|LievenDV sings and plays guitar in the Belgian band Point Fifty. He is a reverb nut and enjoys discovering innovating technology.|
DigiTech has proven themselves a worthy pedal brand that already has some notorious classics on its product list. You all know the various Whammy iterations and as a sort of spin-off, they bring you The Drop. This pedal is a straightforward, drop tune pedal with a remarkable polyphonic quality.
I don't read a manual before I test a pedal. I want to experience how intuitive the pedal really is by plugging it and and start playing with it. First thing I notice is the big size knob that controls the number of intervals I can drop. Please mind that the pedal only tunes down, as the name suggests. You can drop all intervals between 1 and 7 semi-tones or go to a lower octave right away. In the case of the latter, you can add dry signal when setting it on the "OCT+DRY" setting. A little control to determine the blend of dry and octave down would have been useful here but that is no show stopper.
One of the functions that points out that the people at DigiTech really had a good think about this product, is the latch/momentary function. This is something I would like to see on almost all the pedals I currently own.
If momentary is off, the on/off switch of the effect works in a classic fashion: stomp it to turn it on, stomp it again to turn it off. With the momentary mode on, you to hold your foot down to turn it on and as soon as you lift your foot again, the effect turns off. I use a similar switch on a booster, which is useful if you play guitar and sing in a band an you need to focus on playing, singing and pedal switching at the same time. By tapping the switch, you can experiment with stutter effects to add detuned accents to your solo's.
A fun quirk I only found out while reading the manual afterwards, is that you can decide whether the momentary function makes the switch an "on" or "off" function. If the effect switch is off (led=dark) while you turn on the momentary mode, the pedal will operate as described above; press down to turn on the effect and release to turn it off. If the effect is on (led=red) when you switch on momentary mode, the operation is reversed and pressing down the switch acts as a "kill switch".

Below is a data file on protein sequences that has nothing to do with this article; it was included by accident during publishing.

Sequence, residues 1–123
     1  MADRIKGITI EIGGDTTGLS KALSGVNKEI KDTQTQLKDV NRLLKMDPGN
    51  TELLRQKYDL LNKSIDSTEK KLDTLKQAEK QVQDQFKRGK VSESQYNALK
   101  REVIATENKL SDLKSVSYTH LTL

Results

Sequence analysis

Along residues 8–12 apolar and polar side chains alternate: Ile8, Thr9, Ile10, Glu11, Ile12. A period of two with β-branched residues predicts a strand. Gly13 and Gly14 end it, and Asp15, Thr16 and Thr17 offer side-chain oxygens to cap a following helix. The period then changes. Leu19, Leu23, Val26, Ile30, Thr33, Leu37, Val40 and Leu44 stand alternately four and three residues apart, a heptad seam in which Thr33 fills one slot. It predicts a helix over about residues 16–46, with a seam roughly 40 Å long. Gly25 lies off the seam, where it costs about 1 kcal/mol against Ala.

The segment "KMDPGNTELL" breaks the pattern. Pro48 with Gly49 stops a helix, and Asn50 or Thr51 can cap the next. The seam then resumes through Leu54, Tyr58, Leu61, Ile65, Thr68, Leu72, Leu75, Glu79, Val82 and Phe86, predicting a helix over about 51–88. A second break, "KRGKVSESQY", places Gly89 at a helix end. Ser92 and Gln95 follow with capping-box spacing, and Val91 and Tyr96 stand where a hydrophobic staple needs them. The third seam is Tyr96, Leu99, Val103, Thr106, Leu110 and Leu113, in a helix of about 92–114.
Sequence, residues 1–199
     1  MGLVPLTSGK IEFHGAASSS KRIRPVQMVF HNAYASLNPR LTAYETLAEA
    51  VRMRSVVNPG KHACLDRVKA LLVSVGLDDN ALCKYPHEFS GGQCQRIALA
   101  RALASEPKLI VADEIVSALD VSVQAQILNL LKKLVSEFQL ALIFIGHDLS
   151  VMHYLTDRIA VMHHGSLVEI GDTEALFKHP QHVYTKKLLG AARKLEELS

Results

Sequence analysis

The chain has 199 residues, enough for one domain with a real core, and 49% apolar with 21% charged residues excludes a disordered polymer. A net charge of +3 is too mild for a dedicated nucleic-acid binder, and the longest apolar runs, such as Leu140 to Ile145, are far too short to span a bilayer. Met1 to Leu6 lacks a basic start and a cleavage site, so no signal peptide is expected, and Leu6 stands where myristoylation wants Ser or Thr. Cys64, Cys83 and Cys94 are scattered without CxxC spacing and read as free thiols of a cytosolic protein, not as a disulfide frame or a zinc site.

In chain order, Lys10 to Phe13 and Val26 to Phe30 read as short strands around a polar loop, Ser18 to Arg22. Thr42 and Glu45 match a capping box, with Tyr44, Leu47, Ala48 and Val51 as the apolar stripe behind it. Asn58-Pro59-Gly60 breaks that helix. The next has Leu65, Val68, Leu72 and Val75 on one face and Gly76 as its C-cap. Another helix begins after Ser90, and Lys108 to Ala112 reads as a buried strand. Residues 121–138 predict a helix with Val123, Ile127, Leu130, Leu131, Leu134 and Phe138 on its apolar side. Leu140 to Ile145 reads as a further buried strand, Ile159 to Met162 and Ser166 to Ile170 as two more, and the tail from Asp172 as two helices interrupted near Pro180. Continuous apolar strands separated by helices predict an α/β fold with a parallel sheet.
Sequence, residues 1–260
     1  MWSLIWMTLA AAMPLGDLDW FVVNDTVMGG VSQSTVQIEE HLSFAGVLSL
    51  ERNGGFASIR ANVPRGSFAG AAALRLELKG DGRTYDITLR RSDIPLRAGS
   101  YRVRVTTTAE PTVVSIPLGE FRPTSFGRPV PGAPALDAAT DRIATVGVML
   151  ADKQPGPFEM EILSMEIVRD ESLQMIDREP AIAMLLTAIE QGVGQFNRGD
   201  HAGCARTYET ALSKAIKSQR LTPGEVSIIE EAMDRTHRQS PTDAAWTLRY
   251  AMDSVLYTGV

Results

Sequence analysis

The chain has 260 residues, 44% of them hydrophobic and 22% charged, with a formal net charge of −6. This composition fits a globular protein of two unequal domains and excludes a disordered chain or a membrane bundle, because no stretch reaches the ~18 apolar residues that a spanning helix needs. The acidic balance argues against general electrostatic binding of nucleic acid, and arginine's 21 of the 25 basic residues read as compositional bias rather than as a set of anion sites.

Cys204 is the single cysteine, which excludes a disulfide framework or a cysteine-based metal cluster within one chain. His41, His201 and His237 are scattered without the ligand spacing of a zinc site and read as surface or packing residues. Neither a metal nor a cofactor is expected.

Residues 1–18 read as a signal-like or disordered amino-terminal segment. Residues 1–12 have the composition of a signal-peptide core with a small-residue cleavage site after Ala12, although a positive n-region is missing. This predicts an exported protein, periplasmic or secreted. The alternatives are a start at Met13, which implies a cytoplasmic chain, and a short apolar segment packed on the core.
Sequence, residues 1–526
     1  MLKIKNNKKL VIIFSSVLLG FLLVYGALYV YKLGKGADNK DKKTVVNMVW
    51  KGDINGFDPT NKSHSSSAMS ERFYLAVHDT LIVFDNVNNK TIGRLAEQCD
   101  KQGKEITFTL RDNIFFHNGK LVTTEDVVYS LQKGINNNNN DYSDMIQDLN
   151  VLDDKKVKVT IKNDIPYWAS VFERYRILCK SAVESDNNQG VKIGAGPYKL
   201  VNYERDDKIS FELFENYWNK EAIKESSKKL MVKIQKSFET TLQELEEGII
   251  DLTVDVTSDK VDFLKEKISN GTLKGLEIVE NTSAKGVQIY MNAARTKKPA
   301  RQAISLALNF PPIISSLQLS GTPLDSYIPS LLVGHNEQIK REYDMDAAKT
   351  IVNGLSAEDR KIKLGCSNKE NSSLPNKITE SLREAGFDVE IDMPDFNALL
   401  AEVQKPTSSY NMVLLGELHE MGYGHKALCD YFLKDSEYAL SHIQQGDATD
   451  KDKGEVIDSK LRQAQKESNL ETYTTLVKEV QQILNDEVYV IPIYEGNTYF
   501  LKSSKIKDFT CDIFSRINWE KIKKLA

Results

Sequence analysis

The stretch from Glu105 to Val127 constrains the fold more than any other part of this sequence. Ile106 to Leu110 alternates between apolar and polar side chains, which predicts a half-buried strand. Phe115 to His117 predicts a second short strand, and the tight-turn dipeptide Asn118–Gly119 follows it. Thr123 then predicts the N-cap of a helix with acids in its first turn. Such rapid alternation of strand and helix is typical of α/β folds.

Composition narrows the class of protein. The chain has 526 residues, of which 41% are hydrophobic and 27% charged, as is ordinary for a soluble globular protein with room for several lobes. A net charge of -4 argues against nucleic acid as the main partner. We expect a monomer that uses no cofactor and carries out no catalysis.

You probably wonder about the quality of the signal, the tracking, the latency and the artifacts. Well in fact, I was impressed but not surprised. Not surprised because this is DigiTech and even though there is a lot of analog snobism out there, you have to admit they've got enough experience with the Whammy series to know what good detuning is. So I had certain expectations but still I was impressed by the speed and tracking. This pedal detunes -everything-. Feed it single notes or feed it some chords, it works fast and clean. You better turn up your amp to focus on the detuned sound and you will notice excellent translation. I started to notice a slightly different sound around step 6 or 7 but it's rather a tone than a tuning or tracking issue.
Please note that you don't change your relative guitar tunings; you can't go from, let's say, E standard to Open G but you can use it as a virtual capo. Instead of tuning up with a capo, you can determine how much you want to tune down. With a flick of the round button, you go from E to Eb tuning or from Drop-D to Drop C.
Just like its sister, the Luxe pedal (a doubler pedal which I reviewed earlier), DigiTech delivers a a quality detuning pedal with an interesting price/quality ratio somewhere in the middle of the market. The housing is strong yet elegant and I love the red color that refers to the Whammy series. There is no battery power possible so you must use the included 9v adapter.
What I liked:
- The quality of the polyphonic tuning
- The ease of use
- The momentary function
What I missed:
- A blend for the dry+oct setting. Perhaps even a global dry+wet.
- More info: DigiTech Drop